Robinson Crusoe


Daniel Defoe

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Robinson Crusoe: Chapter 6 Summary & Analysis

Robinson moved all of his things into this new dwelling and made a smaller tent within his large tent to better protect him and his things from any rain. While he was constructing and improving this dwelling (including building a cellar and carving a kind of cave into the rock at the back of the plateau), a storm came and Robinson feared that his stores of gunpowder might be struck by lightning.
Separated from society, Robinson struggles to survive against the forces of nature. On the island, he actually builds his own life, not relying on anyone else to help make his new home.
Society, Individuality, and Isolation Theme Icon
After the storm, Robinson put his gunpowder into small containers and stored them all separately, so that if one exploded, he wouldn't lose everything. He explored around the island a little bit and hunted some goats for food.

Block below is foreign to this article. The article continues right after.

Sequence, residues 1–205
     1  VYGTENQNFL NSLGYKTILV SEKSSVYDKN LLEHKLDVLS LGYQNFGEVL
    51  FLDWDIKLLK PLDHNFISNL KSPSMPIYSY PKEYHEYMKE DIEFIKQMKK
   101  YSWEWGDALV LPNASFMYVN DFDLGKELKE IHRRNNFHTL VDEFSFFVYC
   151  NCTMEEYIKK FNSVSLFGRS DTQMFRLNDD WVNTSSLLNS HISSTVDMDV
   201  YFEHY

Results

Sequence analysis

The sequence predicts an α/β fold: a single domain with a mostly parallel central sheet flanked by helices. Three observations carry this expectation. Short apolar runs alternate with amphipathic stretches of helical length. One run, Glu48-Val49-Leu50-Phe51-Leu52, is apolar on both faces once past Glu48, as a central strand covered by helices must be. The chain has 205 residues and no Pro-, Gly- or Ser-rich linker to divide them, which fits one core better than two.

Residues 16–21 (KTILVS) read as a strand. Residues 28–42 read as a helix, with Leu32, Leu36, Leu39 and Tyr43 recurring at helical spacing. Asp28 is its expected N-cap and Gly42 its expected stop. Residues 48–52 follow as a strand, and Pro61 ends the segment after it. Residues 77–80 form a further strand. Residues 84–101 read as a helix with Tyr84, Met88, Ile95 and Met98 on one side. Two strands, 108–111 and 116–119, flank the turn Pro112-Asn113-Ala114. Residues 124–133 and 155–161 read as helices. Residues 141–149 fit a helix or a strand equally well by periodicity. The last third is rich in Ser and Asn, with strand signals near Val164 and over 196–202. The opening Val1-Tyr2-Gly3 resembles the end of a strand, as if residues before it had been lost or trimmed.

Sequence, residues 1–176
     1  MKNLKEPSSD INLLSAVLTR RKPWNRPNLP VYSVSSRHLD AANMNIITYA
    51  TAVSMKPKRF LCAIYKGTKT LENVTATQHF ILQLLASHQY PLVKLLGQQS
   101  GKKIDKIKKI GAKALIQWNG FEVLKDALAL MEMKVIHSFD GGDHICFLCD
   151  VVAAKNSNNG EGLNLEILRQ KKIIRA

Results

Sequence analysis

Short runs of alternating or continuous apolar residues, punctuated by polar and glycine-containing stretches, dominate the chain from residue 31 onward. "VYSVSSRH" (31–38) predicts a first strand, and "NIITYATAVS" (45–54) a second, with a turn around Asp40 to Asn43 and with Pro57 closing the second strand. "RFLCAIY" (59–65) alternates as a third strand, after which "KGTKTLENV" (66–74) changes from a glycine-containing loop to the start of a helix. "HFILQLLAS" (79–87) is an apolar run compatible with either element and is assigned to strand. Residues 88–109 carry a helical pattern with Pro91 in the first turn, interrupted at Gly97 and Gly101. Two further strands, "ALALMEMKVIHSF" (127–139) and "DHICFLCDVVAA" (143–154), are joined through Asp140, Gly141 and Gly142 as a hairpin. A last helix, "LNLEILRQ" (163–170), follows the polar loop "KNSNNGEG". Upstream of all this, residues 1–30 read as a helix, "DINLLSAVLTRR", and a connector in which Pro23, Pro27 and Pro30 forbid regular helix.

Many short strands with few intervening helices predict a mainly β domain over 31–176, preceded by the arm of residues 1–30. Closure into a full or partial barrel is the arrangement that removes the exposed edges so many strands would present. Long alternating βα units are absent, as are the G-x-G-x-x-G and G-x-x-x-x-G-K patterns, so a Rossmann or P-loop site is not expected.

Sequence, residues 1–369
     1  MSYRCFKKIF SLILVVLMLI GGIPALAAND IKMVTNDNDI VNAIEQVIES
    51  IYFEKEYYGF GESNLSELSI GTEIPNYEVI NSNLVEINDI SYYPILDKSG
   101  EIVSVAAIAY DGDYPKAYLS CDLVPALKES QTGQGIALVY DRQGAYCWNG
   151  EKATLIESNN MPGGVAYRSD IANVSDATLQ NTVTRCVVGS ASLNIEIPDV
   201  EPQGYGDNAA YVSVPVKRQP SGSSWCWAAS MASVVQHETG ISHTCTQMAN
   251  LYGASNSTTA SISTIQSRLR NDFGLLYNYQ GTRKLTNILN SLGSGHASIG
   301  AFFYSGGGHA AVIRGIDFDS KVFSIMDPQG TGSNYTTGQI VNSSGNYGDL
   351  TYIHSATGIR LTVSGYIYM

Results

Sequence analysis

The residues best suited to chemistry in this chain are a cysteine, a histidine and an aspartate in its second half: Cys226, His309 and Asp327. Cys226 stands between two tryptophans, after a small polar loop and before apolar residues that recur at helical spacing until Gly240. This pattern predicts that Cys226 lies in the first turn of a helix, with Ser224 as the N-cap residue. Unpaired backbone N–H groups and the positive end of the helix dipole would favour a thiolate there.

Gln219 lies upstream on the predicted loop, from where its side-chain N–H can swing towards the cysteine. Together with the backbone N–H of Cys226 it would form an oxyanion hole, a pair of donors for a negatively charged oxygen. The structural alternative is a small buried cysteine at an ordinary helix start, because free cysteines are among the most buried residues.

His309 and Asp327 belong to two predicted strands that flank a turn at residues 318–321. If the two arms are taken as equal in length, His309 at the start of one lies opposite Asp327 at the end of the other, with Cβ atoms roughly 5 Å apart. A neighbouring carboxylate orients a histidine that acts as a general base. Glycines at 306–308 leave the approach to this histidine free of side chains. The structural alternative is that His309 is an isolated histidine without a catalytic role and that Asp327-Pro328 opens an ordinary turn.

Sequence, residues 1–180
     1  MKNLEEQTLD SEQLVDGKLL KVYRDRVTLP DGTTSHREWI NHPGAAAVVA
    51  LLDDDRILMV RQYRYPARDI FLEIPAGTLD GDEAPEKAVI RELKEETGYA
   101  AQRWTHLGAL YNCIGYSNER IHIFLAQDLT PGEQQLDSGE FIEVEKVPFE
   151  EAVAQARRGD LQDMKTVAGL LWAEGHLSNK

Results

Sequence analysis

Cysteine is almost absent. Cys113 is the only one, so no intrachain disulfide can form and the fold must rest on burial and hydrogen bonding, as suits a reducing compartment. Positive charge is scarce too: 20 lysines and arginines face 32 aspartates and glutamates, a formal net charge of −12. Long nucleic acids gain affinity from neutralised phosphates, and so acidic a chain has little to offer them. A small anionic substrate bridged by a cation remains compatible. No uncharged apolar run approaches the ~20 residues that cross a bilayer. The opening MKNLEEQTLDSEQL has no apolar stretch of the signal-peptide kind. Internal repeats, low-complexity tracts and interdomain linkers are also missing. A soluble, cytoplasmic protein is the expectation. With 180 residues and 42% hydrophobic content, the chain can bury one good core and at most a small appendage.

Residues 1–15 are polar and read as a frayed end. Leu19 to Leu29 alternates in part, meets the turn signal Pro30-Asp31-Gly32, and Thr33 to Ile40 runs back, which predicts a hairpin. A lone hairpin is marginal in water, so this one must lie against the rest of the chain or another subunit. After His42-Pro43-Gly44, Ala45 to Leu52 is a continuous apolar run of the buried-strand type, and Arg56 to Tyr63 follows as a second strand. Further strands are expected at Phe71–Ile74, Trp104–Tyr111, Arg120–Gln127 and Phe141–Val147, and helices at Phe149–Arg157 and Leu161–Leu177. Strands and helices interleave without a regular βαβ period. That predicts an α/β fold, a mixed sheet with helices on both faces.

The unknown island ends up not containing dangerous beasts or savages, but rather supplies Robinson with goats for food. This, again, can be seen as an act of Providence.
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Robinson was pessimistic about his chances for being rescued and thought that it was a "determination of Heaven" that he would die there. He cried and questioned "why Providence should thus completely ruin its creatures." But he cheered up when he thought of his shipmates that had drowned and reflected that he alone had at least survived and was able to get so many provisions from the ship.
Robinson already sees the events of his life as determined by God, but does not yet see divine providence as ultimately good. He still laments his fate on the island, despite the miracle of his being saved from the shipwreck to an island lacking predators and full of things he can use and eat.
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